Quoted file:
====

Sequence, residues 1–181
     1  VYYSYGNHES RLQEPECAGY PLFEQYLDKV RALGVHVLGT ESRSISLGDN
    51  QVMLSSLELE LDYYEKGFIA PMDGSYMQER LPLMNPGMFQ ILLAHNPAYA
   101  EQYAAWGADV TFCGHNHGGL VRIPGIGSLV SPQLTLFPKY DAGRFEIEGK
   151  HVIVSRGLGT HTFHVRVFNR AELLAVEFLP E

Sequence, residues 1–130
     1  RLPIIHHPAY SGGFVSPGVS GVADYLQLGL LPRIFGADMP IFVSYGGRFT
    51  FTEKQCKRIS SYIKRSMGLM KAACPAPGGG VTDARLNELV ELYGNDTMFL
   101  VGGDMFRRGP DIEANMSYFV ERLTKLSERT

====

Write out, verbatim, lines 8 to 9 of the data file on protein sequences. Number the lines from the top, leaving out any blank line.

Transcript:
    51  FTEKQCKRIS SYIKRSMGLM KAACPAPGGG VTDARLNELV ELYGNDTMFL
   101  VGGDMFRRGP DIEANMSYFV ERLTKLSERT